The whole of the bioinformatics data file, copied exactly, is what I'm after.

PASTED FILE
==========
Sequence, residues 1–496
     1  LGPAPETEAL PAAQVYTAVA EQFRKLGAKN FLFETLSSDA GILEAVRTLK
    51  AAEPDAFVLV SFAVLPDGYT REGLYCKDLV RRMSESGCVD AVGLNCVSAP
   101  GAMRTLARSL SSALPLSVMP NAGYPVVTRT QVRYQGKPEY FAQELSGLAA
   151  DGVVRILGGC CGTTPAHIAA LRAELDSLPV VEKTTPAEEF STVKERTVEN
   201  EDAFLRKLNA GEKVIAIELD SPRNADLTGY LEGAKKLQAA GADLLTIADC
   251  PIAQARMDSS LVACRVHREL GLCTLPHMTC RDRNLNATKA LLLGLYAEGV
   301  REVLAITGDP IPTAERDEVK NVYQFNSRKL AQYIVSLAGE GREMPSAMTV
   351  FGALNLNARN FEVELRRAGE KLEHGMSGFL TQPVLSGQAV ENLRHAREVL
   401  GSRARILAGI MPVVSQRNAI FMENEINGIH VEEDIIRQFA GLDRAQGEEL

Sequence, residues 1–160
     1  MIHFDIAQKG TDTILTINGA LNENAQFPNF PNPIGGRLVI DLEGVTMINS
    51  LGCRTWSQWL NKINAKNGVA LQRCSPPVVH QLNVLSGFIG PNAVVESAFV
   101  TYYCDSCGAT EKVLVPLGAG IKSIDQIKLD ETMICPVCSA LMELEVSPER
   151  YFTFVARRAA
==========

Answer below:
Sequence, residues 1–496
     1  LGPAPETEAL PAAQVYTAVA EQFRKLGAKN FLFETLSSDA GILEAVRTLK
    51  AAEPDAFVLV SFAVLPDGYT REGLYCKDLV RRMSESGCVD AVGLNCVSAP
   101  GAMRTLARSL SSALPLSVMP NAGYPVVTRT QVRYQGKPEY FAQELSGLAA
   151  DGVVRILGGC CGTTPAHIAA LRAELDSLPV VEKTTPAEEF STVKERTVEN
   201  EDAFLRKLNA GEKVIAIELD SPRNADLTGY LEGAKKLQAA GADLLTIADC
   251  PIAQARMDSS LVACRVHREL GLCTLPHMTC RDRNLNATKA LLLGLYAEGV
   301  REVLAITGDP IPTAERDEVK NVYQFNSRKL AQYIVSLAGE GREMPSAMTV
   351  FGALNLNARN FEVELRRAGE KLEHGMSGFL TQPVLSGQAV ENLRHAREVL
   401  GSRARILAGI MPVVSQRNAI FMENEINGIH VEEDIIRQFA GLDRAQGEEL

Sequence, residues 1–160
     1  MIHFDIAQKG TDTILTINGA LNENAQFPNF PNPIGGRLVI DLEGVTMINS
    51  LGCRTWSQWL NKINAKNGVA LQRCSPPVVH QLNVLSGFIG PNAVVESAFV
   101  TYYCDSCGAT EKVLVPLGAG IKSIDQIKLD ETMICPVCSA LMELEVSPER
   151  YFTFVARRAA